"What's on the Surface and What's Underneath"
Genres: alternative rock, indie rock
Oct 25 - 31 2004
The dark and brooding "Suburban Suit Manifesto" opens What's
on the Surface and What's Underneath. It helps get you in the
Mood, I suppose - and it does a fine job. Its melody is
smooth and incredibly catchy - easily one of the disc's best - and it
sets the stage for what is an entertaining, though unspectacular
alternative pop disc.
The Mood's basic formula is one of drama and, well, mood.
"The Freedom of Speech" and "A Lullaby for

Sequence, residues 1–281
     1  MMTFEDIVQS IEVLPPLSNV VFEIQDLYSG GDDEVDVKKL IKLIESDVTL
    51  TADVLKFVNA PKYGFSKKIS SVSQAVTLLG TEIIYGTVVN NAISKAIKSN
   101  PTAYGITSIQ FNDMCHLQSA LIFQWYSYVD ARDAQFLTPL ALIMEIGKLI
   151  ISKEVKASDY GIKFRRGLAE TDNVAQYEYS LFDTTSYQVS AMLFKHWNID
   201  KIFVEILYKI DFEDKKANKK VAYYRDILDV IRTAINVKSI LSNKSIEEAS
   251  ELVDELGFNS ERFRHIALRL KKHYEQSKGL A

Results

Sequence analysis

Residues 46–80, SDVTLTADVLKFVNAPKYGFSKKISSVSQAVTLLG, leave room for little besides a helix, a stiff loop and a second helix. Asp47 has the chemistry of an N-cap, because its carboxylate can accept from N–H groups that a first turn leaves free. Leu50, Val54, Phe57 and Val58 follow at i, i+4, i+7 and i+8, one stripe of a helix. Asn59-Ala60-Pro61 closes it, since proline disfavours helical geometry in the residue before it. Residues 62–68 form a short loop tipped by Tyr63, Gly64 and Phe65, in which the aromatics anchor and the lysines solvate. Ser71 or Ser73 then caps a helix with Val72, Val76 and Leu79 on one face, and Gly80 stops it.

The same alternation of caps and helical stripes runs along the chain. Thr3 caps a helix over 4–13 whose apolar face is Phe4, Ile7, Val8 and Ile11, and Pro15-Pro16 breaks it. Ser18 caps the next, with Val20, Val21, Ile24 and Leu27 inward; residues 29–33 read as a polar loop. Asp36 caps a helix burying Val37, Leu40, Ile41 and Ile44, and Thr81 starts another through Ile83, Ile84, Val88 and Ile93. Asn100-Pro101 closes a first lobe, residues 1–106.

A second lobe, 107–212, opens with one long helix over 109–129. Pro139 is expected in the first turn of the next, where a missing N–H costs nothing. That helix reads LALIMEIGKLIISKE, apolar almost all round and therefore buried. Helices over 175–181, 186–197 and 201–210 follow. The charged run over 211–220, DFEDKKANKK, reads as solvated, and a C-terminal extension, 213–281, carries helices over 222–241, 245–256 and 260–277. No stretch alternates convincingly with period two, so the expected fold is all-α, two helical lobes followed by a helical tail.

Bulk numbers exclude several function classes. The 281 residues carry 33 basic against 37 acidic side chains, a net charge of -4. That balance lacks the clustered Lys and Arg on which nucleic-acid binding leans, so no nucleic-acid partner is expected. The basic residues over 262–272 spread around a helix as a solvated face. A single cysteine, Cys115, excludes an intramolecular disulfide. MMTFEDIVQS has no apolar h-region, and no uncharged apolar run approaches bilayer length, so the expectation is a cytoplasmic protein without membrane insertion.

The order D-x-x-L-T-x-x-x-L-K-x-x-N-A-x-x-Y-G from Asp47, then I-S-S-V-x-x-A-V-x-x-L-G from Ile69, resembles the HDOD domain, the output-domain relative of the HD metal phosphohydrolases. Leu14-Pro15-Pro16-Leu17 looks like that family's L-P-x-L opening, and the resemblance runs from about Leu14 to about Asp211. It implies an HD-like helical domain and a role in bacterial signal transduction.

Sleepers" are successful due to their cinematic, atmospheric
natures. The latter sounds like a cross between Sparklehorse
and Radiohead. "Numbers" and "What's Underneath" are the disc's
most produced songs; each one boasts strings, while the latter also
dons sax, trumpet, and trombone. These inclusions add to the music's
sweeping, dramatic nature. In fact, "What's Underneath" is one of
What's on the Surface's most notable songs - fittingly, it closes the record off.
This album is by no means a conventional one, but it will prove accessible
enough to attract most open-minded rock fans. The Mood's
sound could have used a bit more variation over What's on the
Surface's eleven songs, but as it stands this is still a
particularly entertaining listen.
11 tracks, distributed by the
band, released 2003]